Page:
Tuesday, September 27, 2022

11th Circuit Holds that a Taxpayer Motion for Injunctive-Type Relief in a Closed Case Is Not Subject to § 7421(a), the AIA (9/27/22)

In United States v. Meyer, 50 F.4th 23  (11th Cir. 9/26/22), CA11 here and GS here, the Court outlines the issue in its opening paragraph:

    The Anti-Injunction Act, 26 U.S.C. § 7421(a), provides in relevant part that “no suit for the purpose of restraining the assessment or collection of any tax shall be maintained in any court by any person[.]” The question before us is whether the Act bars a defendant from moving—in an action initiated by the government—for a protective order to restrain the government from using his responses to requests for admission when assessing a tax penalty in a separate administrative proceeding. Because moving for a protective order in an action filed by the government does not amount to maintenance of a “suit,” we hold that the Act does not apply.

The Court then offers some more factual detail (Slip Op. 2-4):

             In 2018, the government filed a complaint against Michael L. Meyer, alleging that he promoted a tax evasion scheme in which he advised his clients to claim unwarranted federal income tax deductions for bogus charitable donations. The government sought to enjoin him from operating his business, as well as disgorgement of all of the proceeds from his scheme. Over the course of the next year, the parties engaged in extensive discovery. As relevant here, the government served over 1,500 requests for admissions upon Mr. Meyer under Federal Rule of Civil Procedure 36. Mr. Meyer answered the requests with the assistance of counsel.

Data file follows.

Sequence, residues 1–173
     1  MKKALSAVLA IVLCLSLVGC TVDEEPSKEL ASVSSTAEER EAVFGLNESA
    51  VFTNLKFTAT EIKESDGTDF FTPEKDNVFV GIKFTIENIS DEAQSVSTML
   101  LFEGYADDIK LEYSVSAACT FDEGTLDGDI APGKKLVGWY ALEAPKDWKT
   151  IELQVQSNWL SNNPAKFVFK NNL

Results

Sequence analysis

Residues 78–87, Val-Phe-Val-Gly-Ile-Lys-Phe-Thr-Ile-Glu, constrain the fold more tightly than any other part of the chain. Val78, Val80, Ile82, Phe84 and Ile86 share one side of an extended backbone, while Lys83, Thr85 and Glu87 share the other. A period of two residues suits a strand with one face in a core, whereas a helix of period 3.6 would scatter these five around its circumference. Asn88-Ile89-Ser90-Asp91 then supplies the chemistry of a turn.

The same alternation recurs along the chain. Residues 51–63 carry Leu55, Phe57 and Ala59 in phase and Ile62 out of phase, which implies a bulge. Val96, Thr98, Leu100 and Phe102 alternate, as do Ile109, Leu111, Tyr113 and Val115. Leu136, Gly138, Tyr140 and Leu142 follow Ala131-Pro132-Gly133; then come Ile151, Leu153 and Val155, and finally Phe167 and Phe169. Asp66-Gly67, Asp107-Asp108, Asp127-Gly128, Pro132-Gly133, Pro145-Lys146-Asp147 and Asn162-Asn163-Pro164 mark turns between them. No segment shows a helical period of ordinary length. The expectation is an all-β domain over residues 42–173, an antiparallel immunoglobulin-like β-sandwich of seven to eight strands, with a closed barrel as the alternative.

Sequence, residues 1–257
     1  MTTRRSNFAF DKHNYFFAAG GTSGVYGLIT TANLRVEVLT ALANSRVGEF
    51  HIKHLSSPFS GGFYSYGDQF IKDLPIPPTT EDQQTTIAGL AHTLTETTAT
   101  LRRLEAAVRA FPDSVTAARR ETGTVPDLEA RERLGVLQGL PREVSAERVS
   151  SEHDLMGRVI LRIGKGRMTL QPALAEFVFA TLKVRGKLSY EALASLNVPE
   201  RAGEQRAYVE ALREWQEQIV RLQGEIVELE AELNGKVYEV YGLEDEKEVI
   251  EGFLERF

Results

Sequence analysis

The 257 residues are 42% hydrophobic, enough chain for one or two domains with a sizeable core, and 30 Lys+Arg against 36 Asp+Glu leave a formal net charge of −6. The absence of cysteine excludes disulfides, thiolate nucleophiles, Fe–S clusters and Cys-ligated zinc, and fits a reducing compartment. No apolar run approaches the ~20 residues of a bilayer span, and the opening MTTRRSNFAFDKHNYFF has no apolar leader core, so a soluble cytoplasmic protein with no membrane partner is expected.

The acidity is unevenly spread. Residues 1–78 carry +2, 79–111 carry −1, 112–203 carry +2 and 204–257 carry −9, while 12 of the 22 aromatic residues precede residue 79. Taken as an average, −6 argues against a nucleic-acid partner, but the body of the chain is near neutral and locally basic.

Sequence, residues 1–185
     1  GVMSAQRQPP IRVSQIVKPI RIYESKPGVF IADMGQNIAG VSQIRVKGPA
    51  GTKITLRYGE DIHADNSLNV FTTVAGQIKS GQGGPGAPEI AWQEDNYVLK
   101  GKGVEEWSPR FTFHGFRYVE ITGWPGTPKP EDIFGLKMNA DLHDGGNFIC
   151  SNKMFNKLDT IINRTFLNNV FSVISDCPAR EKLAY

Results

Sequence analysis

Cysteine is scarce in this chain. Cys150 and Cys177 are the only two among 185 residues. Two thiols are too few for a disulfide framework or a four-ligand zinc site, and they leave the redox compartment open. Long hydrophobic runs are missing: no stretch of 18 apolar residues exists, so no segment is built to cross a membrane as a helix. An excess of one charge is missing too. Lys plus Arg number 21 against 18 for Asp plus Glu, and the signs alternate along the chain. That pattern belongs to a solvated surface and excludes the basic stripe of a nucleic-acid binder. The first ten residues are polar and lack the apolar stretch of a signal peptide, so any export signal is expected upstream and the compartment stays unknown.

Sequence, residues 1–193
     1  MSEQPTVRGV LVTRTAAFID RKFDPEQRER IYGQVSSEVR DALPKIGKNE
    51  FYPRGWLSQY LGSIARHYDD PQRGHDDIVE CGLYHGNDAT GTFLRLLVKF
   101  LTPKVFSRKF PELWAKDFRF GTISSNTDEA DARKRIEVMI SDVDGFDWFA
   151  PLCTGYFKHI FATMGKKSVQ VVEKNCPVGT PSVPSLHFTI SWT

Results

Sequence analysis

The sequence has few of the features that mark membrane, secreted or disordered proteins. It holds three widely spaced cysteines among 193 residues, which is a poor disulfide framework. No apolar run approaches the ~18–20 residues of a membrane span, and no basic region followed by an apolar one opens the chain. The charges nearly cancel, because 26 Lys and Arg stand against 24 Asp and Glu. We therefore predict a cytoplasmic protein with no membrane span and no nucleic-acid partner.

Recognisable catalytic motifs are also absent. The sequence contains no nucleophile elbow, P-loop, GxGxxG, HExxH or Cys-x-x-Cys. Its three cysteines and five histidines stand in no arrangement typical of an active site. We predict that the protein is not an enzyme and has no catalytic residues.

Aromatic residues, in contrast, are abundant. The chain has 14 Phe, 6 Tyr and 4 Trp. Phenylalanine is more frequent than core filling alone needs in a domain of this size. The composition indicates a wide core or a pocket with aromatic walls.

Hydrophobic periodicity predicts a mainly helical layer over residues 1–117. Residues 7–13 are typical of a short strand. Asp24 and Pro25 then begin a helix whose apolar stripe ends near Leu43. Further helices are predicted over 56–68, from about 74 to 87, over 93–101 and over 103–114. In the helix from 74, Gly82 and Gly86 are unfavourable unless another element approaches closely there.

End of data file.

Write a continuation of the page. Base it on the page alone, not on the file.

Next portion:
Mr. Meyer eventually settled with the government and agreed to a permanent injunction prohibiting him from, among other things, representing anyone other than himself before the IRS; preparing federal tax returns for others; or furnishing tax advice regarding charitable contributions. On April 26, 2019, the district court entered a final permanent injunction against Mr. Meyer and closed the case. The order did not include any language regarding the confidentiality or future use of discovery-related materials.

            On July 24, 2020, Mr. Meyer received a notice from the IRS informing him that he owed millions of dollars in penalties in connection with his promotion of an abusive tax shelter. See 26 U.S.C. § 6700. The notice included an attached Form 866-A, Explanation of Items, which detailed the basis of the IRS’ decision. The Explanation of Items specifically relied on Mr. Meyer’s Rule 36 admissions, obtained in the 2018 tax case that had been filed by the government. Those admissions were also attached as a composite exhibit.

Tuesday, September 20, 2022

Eleventh Circuit Makes Clarity from Confusion as to the Written Supervisor Approval in § 6751(b) (9/20/22)